There is a Blue Motors Harrington Bodied Cheetah based in Sussex.
MYA+JYC last got together in 2015 or 2016 at Brooklands in their Harrington/Weymann anniversary get together.
JYC is on the road every two years and 2018 is an on the road year. Only confirmed appearance is in the Oct Isle of Wight Beer & Buses Weekend.

Roger Burdett


 

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Maidstone & District – AEC Reliance – 251 BKM – SO251

Maidstone & District - AEC Reliance - 251 BKM - SO251

Maidstone & District
1958
AEC Reliance 2MU3RV
Harrington B42F

By the mid 1950s, bus patronage was beginning to show signs of serious decline, and the Traffic Commissioners were empowered to grant dispensation for the use of buses with more than the traditional 20/26/30 seats on (what was then called) OMO operation. The first large saloons bought by Maidstone & District specifically for OMO were eleven Harrington Contenders of 1955 powered by the distinctive TS3 two stroke engine. Then, having gained experience with the all conquering AEC Reliance on coach duties, this chassis became the firm M&D choice from 1957 for OMO saloon work. Initially, the selected bodywork supplier was Weymann, then Beadle, before Harrington was chosen to build the bodies on a batch of twenty five in 1958. Here is 251 BKM, SO251 in the M&D fleet, seen in July 1973 after disposal to the dealer, Trevor Wilcox Brown, the proprietor of Tillingbourne Bus Company. This Reliance, a 2MU3RV model fitted with a Harrington B42F body, was never operated by Tillingbourne, but was quickly sold on to another dealer in Middlewich. I undertook the delivery run from Gomshall to Middlewich, and was impressed by the alacrity with which the machine tackled the hills around Amersham – I always skirted round to the west of the Great Wen – though the top speed was understandably rather modest on the motorway. The picture shows the bus somewhere around the Chipperfield area in Hertfordshire (if my high mileage memory is still functioning). En route on the motorway, I was somewhat disconcerted to find that the accelerator ceased to return to shut down the engine speed, so I pulled in at the next service area and investigated. By lifting up the inspection flaps in the floor, I established that the return action was provided by a simple coil spring linking the throttle rod to a lug on the chassis. The locating loop on one end of this spring had just snapped off, mercifully leaving the remaining part hanging down. I scoured the ground around the lorry park to see what I could find to effect a rudimentary repair and was rewarded by the discovery of a length of rigid but pliable wire. This I managed to force between the last two coils of the broken end of the spring, bent it round to secure it, and then made a loop with the other end before fatiguing off the surplus length (all done with the fingers – I had no tools with me). That bit of Heath Robinson engineering got me safely and uneventfully on to my Middlewich destination.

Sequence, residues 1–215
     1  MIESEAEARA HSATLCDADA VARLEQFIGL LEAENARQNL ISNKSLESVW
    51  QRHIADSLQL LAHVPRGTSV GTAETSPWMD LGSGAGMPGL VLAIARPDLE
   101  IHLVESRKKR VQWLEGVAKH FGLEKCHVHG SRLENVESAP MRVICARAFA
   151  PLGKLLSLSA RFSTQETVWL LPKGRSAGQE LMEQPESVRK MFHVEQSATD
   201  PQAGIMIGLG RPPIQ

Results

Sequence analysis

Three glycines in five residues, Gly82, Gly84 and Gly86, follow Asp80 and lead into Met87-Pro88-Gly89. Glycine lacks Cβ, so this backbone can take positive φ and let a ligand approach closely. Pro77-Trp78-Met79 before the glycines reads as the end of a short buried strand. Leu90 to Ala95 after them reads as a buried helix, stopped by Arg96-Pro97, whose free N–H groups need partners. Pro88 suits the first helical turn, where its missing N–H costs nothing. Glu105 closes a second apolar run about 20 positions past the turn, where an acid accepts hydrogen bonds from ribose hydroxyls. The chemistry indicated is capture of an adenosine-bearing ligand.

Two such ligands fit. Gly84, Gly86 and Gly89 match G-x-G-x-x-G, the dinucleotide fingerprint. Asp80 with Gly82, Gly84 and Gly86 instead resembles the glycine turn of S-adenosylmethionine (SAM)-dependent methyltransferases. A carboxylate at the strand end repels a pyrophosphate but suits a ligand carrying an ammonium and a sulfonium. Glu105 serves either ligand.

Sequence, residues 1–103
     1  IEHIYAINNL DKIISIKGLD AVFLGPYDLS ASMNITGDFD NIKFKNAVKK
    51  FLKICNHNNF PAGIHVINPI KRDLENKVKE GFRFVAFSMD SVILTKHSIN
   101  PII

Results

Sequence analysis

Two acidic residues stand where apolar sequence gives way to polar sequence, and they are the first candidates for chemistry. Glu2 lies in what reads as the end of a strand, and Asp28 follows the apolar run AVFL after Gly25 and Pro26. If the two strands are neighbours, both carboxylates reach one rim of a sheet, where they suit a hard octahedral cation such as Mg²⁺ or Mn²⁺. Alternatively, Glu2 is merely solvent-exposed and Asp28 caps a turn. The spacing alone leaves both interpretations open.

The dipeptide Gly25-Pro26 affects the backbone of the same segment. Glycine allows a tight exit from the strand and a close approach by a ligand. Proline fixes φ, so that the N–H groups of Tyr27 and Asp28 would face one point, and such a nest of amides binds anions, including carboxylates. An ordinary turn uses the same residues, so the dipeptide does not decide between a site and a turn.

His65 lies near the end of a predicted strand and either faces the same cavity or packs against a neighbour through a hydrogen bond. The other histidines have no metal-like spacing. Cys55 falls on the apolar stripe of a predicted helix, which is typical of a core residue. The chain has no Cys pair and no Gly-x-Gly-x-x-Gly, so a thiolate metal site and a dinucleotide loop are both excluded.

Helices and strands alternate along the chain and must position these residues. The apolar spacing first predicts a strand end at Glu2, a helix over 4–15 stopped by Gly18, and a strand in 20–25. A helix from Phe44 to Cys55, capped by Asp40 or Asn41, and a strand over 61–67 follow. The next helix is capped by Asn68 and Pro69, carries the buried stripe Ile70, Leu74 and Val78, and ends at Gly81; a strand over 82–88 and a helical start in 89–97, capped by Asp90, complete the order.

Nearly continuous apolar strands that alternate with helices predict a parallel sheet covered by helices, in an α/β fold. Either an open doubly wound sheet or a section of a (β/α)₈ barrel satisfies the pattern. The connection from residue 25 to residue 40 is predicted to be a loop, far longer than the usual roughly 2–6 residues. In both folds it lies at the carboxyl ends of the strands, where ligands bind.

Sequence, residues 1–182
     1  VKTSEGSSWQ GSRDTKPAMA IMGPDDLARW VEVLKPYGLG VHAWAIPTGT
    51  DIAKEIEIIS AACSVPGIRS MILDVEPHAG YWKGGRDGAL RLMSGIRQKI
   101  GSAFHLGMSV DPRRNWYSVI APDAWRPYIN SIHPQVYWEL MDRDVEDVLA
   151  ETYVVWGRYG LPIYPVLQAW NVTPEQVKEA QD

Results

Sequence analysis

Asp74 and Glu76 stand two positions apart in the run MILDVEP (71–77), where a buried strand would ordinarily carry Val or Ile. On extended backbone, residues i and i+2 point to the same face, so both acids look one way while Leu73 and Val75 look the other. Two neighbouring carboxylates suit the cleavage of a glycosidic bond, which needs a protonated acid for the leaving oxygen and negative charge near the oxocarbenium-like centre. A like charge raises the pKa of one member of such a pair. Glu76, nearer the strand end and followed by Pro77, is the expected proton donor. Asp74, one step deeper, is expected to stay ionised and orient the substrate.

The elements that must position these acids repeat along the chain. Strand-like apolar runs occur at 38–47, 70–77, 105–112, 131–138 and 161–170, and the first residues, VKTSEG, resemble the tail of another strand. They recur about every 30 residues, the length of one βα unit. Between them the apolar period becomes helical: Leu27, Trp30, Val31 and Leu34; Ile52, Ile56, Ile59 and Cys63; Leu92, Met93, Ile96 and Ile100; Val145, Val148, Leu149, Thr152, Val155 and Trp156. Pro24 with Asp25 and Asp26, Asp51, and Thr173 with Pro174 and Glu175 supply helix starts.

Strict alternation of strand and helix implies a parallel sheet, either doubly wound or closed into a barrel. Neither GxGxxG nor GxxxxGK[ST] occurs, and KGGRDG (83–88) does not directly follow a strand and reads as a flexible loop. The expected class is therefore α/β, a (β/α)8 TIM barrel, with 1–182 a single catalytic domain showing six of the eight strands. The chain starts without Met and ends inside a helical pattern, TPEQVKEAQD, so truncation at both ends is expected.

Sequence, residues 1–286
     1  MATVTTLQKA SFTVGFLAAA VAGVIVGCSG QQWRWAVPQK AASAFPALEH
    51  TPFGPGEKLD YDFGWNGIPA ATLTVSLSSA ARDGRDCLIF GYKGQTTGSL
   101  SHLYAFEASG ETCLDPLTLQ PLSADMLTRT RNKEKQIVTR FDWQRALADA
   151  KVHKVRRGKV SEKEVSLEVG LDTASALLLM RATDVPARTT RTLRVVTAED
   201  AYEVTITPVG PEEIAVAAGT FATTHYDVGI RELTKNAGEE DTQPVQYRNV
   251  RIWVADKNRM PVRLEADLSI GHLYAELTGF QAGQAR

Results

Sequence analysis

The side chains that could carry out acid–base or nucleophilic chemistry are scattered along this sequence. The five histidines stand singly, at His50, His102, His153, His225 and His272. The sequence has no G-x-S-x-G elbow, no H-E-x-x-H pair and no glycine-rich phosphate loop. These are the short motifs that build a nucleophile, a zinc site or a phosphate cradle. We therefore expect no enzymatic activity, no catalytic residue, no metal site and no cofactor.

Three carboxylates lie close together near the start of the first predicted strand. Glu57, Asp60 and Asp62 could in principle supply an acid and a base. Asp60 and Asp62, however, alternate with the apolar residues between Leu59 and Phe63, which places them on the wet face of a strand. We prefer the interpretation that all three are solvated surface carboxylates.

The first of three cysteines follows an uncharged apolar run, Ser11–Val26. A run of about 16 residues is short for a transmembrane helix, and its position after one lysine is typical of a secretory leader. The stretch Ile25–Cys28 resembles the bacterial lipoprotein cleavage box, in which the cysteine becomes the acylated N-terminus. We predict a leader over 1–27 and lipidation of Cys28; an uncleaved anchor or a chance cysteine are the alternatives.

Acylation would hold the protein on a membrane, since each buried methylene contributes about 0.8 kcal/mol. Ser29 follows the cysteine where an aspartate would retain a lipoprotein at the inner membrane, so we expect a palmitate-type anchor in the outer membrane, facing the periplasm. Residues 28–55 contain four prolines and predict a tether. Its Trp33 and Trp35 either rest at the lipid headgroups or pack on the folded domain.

Photograph and Copy contributed by Roger Cox


17/10/16 – 07:26

Smart, purposeful looking bus.
Perhaps the Middlewich dealer sold it on to an unsuspecting operator, who may have run it with your rudimentary bit of wire doing its job, for many years, Roger!

Peter Murnaghan


17/10/16 – 09:10

255 BKM

A member of this batch, 255 BKM, was sold to Clynnog and Trefor Motoer Services in North Wales, where it lasted for many years.

Don McKeown


18/10/16 – 08:00

253 BKM was saved for preservation in 2008 after festering in Somerset for many years.
Now safely stored inside "somewhere in Sussex" pending restoration.

Malcolm Boyland


Reference vehicle S2 this was delivered to Tonbridge depot along with S3-4 and 5, All four from new as we already had S1 also from new. I think that it was probably because the M&D were using the idea of new busses would encourage us drivers to accept larger vehicles on one mam operation. They were right because we were also the first depot in the fleet to accept the use of double deckers on o.m.o. work.
If my memory serves me correctly these were Bristols.
I was a driver at Tonbridge from 1961 until the closure of the depot. then transferred to Borough Green and then Tunbridge Wells until the mid nineties when I had to retire due to ill health.

Mick Green


 

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Old Bus Photos from Saturday 25th April 2009 to Wednesday 19th December 2018